Line maintenance will likely pick up faster than areas such as engines, with airlines burning through green time at present. Airlines need to be conscious of the fact that there is only so much engine shop capacity available. There won’t necessarily be a massive bow wave, but there are a bunch of engines out there that will need shop visits. This brings about two risks: first, the actual availability of the shop visit itself, and second, can the OEMs and vendors ramp up to support those visits? Some of the supply chain vendor support allocated through the OEMs is at risk and has affected some of our engine turnaround times. The longer turnaround times mean reduced shop-visit capability and fewer engines on the market.
As an MRO provider with engine capabilities, how do you see that segment of the commercial aftermarket recovering in 2022?
We’ve seen a few players in the market who’ve swept up a lot of the used serviceable material, along with some of the life-limited parts and engines. They will then try and leverage that market from a capacity and availability angle. From our perspective, we will still be 20%-25% down on capacity by the end of this year. As we go into 2022, we’ll try and recover that.
The V2500 aftermarket remains strong, but CFM56 engines less so, although they will inevitably come back. There will be issues with the availability of capacity for shop visits. Another factor will be having enough staff—a lot have left the industry because of the crisis. That’s not just mechanics, but engineers and middle management also. We have to retain the people we already have while giving a confident outlook in order to attract workers back to the company.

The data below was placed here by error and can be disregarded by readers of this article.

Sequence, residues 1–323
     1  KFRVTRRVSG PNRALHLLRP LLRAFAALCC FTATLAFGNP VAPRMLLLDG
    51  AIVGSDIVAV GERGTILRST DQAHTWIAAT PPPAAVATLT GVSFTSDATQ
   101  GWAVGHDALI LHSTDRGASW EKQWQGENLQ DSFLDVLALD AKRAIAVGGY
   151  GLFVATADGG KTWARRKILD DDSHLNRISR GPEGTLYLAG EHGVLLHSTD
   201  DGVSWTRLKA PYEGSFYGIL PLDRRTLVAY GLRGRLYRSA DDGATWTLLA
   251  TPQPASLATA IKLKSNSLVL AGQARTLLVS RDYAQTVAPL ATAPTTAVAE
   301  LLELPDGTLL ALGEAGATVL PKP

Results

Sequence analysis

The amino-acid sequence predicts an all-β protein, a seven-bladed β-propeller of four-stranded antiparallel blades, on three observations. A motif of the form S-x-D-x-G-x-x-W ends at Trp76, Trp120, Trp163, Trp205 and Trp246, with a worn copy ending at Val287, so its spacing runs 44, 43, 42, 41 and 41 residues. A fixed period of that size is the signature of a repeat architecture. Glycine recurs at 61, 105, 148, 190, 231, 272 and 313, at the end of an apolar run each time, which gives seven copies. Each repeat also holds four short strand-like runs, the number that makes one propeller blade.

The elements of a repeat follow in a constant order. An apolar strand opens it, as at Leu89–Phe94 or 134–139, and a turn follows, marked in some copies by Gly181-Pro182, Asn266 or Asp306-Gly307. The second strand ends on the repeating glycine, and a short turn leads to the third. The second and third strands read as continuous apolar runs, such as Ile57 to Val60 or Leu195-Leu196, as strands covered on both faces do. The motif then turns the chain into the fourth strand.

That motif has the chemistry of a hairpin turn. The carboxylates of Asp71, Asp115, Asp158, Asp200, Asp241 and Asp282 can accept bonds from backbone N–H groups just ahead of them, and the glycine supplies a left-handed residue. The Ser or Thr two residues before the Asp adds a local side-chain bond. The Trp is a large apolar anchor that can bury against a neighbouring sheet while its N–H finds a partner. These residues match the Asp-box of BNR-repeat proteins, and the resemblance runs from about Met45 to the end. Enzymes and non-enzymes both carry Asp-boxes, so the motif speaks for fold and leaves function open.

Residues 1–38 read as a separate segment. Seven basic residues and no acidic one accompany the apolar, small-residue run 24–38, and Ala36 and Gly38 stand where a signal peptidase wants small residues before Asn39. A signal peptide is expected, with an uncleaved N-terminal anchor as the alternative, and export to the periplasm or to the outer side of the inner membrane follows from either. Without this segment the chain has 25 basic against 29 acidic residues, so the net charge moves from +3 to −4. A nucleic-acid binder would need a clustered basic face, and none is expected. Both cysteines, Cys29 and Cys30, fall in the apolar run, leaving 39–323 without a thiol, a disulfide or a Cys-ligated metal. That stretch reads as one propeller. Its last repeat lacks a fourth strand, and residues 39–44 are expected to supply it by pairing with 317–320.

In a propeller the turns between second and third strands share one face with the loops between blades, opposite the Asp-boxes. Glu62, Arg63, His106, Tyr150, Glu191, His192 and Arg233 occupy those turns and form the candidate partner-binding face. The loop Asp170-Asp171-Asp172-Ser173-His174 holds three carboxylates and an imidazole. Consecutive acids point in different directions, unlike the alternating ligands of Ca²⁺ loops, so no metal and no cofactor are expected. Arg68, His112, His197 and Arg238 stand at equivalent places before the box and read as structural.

How is Iberia approaching the next-generation CFM Leap and Pratt & Whitney geared turbofan (GTF) engine programs?
We have Leap and GTF capability. The GTF program investments have been approved by the airline group and those are starting now. The test cell has already been upgraded for GTF purposes but calibration testing still needs to take place. Tooling demands and purchase orders have also been placed. We’ve recently received a high-speed grinder, which cost around €7 million ($7.90 million), and all-new cleaning areas are being put in place for this. The aim is to go live in the fourth quarter of , but that may drift a little bit based on some of the availability of tooling from the OEMs. We have 50 GTF engines in the group and the idea is that these will account for the first inductions.
This will start with smaller checks and the capability will eventually grow to full overhauls. The Leap will follow; we took a very clear view that we didn’t want to do this engine at the same time as the GTF because of capacity considerations. Sign-off for the Leap investments will likely begin over the next six months and we’ll start building this up afterward.
How is the staff situation in the Iberia Maintenance business? Did the crisis hit workforce numbers?